The infamous NSA security breach reminds us once again of the immense damage that can be caused by a single privileged user with an agenda. Privileged users, with their unlimited access to system and network resources, can access and leak all types of data. While many organizations focus on protecting their systems and infrastructure from external threats, the security risks related to malicious insiders are just as significant.
Edward Snowden may be the most notorious example, but unfortunately he’s not alone. Whether done intentionally or by accident, security breaches by trusted insiders can cause substantial harm to the organization, including loss of trade secrets, embarrassing data leaks, and even non-compliance with security regulations.
So, what lessons can we learn from this latest security breach?
1. Privileged ID’s are growing and so is the associated risk
The trends towards data center consolidation, cloud computing, and virtualization, as well as outsourcing, are generating more privileged IDs in today’s IT infrastructures. This creates an even greater need to centrally manage and secure privileged IDs, as well as to pay attention to whom you are granting privileged ID status. Organizations often delegate specific administrative tasks such as system back-ups and help desk support to a large pool of staff or contractors whose membership changes frequently. Without the proper oversight, someone who hasn’t worked for your organization in months, or even a hacker who has penetrated your system, could have privileged access to your servers, appliances, and networks.
2. Grant user entitlements appropriately and keep them updated
The workplace is dynamic, with new employee hires, job changes, and departures. User entitlements should be updated to adapt to these changes, especially when workers change roles or leave the organization. Because the potential for harm is so great, the number of privileged accounts should be kept to a minimum. Granting privileged ID entitlements should be scrutinized and limited to only those who truly need the privileged access and who have the necessary credentials and clearances. For example, should contractors or outsourcing partners have access to top-secret product plans, customer lists, or patient data?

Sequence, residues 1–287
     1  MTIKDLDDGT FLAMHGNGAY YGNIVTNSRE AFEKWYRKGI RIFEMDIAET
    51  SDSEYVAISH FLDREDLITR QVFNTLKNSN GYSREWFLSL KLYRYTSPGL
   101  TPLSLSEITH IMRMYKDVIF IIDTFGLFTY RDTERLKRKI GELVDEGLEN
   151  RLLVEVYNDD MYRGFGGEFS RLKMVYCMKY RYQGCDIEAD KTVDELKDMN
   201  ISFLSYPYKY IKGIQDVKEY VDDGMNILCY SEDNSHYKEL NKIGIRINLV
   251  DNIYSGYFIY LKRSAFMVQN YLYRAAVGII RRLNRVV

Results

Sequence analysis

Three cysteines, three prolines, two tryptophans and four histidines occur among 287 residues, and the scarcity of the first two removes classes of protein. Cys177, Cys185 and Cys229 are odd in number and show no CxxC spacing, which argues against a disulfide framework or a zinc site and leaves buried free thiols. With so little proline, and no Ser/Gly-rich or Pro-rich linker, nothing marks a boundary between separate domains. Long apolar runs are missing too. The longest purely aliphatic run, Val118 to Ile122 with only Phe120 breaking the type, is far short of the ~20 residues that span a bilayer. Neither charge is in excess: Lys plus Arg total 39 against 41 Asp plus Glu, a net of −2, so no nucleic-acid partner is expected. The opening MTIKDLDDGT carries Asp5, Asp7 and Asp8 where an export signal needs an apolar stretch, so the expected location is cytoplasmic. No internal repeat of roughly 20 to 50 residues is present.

3. Managing and monitoring privileged users is necessary for both security and compliance
Government regulations and industry standards have become more specific about data security and the privileged accounts that can access that data. Maintaining compliance with these standards and asserting compliance with government regulations demand appropriate control and handling of privileged accounts. To effectively mitigate the security risks associated with privileged ID’s, they need to be auditable and have individual accountability. In other words, if several users share one privileged account that causes a security breach, which user is responsible? Once the privileged account is established, organizations should carefully monitor and audit the activities associated with the ID to highlight anomalies or misuse of the account’s privileges. This increased auditability of privileged accounts may prevent security breaches before they happen.
4. Mitigate insider risk and maintain compliance with a privileged identity management solution
Privileged user accounts need to be properly managed, audited, and revoked as needed. If privileged IDs are not properly managed, they can cause accountability and compliance issues and increase the risk for sabotage and data theft. Better oversight of privileged users’ activities can raise a red flag if/when confidential information is being inappropriately accessed, distributed and downloaded.
Organizations don’t need to leave themselves vulnerable to insider threats. With the right security solutions, they can control access to privileged identities and track usage of shared accounts for individual accountability and improved compliance.
I would love to hear your thoughts in the comments below. What do you think about these four lessons we learned latest security breach? What have you learned from the latest security breach?